A Sacred Trio – The Oak, Ash and Thorn

  • Post published:January 19, 2019

Trees have been growing on our planet for about 390 years, in what is called the Middle-Late Devonian period. Those trees did not look much like the trees in our woods today, but they did meet a definition that paleontologists use describing a tree as a plant with a single stem that can attain larger heights because they have specialized cells. Trees were small back then. Nowadays we know how big the family of trees has become, and…

Planting Trees, Planting Love at Energy Park

  • Post published:August 17, 2018

Planting trees is always a significant project. A couple of weeks ago I went over to the Energy Park at 7 a.m. for what I thought was a celebratory tree planting. I was surprised that there was no crowd; however Nancy Hazard, Mary Chicoine and John Bottomley, all of the Greenfield Tree Committee, were hard at work planting two tulip poplars and a disease resistant elm. It did not take a crowd to make this a celebratory occasion.…

Trees, Caterpillars and Butterflies in the Backyard

  • Post published:February 19, 2018

I have trees, caterpillars and butterflies and other pollinators in my backyard. Trees provide us with many environmental services. The obvious benefit is cooling shade. When we visited friends in Sacremento we learned that the Sacremento Municipal Utility District (SMUD) was putting trees on residential properties to cool the houses and lower the cost of power. Other benefits are not so obvious. They filter our air, take in carbon and breathe out oxygen. They filter water to protect…

Conversation of Trees

  • Post published:April 8, 2017

Recently at the Greenfield Library I saw a small book on the best seller shelf, The Hidden Life of Trees: What They Feel, How They Communicate — Discoveries From a Secret World. It looked like a quiet book with its creamy cover and drawing of three trees, with roots gently touching. The idea that plants can hear and talk is not new. I know of experiments with classroom or greenhouse plants, providing classical or rock music, talking to…

Underutilized Trees and Shrubs

  • Post published:March 31, 2017

Jay Vinskey gave a useful workshop on Underutilized Trees and Shrubs at the WMMGA Spring Garden Symposium last weekend. I attended because I may not be quite finished choosing shrubs for our new Greenfield garden and I was looking for more suggestions. Small trees and shrubs are the elements I am counting on to make this a sustainable, low maintenance garden. Vinskey’s list included trees like paperbark maple, tupelo, ironwood, redbud, stewartia, and pagoda dogwood. His shrub list…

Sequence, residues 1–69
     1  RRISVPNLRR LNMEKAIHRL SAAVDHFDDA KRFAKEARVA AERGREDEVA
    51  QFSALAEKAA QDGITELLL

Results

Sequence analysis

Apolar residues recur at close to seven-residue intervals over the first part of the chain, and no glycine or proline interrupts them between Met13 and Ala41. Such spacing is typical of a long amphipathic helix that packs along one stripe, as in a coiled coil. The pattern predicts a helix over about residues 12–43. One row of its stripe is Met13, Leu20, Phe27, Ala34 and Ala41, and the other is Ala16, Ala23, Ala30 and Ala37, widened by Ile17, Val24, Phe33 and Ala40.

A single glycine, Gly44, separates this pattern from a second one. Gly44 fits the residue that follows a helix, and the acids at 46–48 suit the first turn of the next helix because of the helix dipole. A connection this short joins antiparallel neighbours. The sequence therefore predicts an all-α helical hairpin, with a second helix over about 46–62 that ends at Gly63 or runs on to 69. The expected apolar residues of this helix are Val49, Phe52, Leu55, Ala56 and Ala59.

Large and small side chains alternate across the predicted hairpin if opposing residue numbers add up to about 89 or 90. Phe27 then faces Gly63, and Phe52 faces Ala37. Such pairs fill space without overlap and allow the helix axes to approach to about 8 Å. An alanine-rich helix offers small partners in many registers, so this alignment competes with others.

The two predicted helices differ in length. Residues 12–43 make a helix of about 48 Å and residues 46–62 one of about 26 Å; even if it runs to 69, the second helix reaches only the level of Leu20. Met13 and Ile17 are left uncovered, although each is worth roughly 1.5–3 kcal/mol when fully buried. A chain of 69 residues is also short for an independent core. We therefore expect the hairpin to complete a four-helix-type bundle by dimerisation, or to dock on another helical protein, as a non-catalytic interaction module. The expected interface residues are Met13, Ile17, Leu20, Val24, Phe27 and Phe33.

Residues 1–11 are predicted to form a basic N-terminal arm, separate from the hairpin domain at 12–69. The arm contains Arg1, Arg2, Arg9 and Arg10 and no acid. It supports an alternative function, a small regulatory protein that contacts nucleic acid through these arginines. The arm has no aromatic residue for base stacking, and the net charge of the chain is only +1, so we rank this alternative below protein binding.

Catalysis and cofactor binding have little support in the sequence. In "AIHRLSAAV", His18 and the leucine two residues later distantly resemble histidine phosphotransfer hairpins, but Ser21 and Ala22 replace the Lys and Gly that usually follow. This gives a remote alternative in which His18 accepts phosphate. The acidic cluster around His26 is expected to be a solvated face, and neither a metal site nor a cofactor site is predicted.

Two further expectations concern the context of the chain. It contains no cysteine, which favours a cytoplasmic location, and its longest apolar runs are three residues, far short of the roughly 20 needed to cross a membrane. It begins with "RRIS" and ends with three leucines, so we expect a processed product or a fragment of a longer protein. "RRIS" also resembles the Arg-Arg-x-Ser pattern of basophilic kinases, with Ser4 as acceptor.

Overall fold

Green Barriers for Function and Beauty

  • Post published:October 23, 2016

Recently a friend asked if I had any suggestions for creating a sound barrier in front of his house. My first idea was arborvitae. These neat symmetrical conifers are popular because they are not only handsome, but because they are low maintenance plants. They are hardy, not fussy about soil, are fairly salt tolerant and once they are established they are drought tolerant. They also tolerate some shade but need at least four hours of sun. Two easily…

Choose Plantings for Your Favorite View

  • Post published:July 2, 2016

Do you have a favorite chair? Is it near a window? Does your dining table sit near a window? Do you enjoy the view from your window? Oddly, our new house in Greenfield does not have many windows that look out at the garden. Only one upstairs window (in my office) gives a view of the back yard. The kitchen window is too high to see much of anything except the most westerly area of the garden. Fortunately…

Christmas Trees – Large and Small

  • Post published:January 3, 2016

One of the very first things I liked about our new house, or more specifically our new yard, was the very tall evergreen in the northwestern corner. It is a magnificent tree that might be 30 feet tall with graceful pendulous branches. On our first drive past the house I admired this beautiful tree in the backyard. It is not like any tree we had in view in Heath. There most of the conifers are pines or hemlocks.…

American Sycamore

  • Post published:November 13, 2015

  One of the blessings of our new Greenfield house is the tall and majestic American sycamore which gives the front of the house shade and helps cool it in summer. My husband Henry and I have never had such a large domestic tree. New York’s residential trees cannot be too big, and the big trees in Heath were nowhere near the house. They were wild trees in the woods. We were told that the tree was a…

Made in the Shade Garden

  • Post published:September 12, 2015

Julie Abramson now lives with a graceful shade garden, but it was not always so. Like so many of us, Julie never had much interest in her mother’s garden when she was young, but over the years she has tended three very different gardens of her own. Her first garden in Albany was cheerful. “I was inexperienced, but this garden was very floriferous. I knew nothing about trees and shrubs,” she told me as we sat admiring her…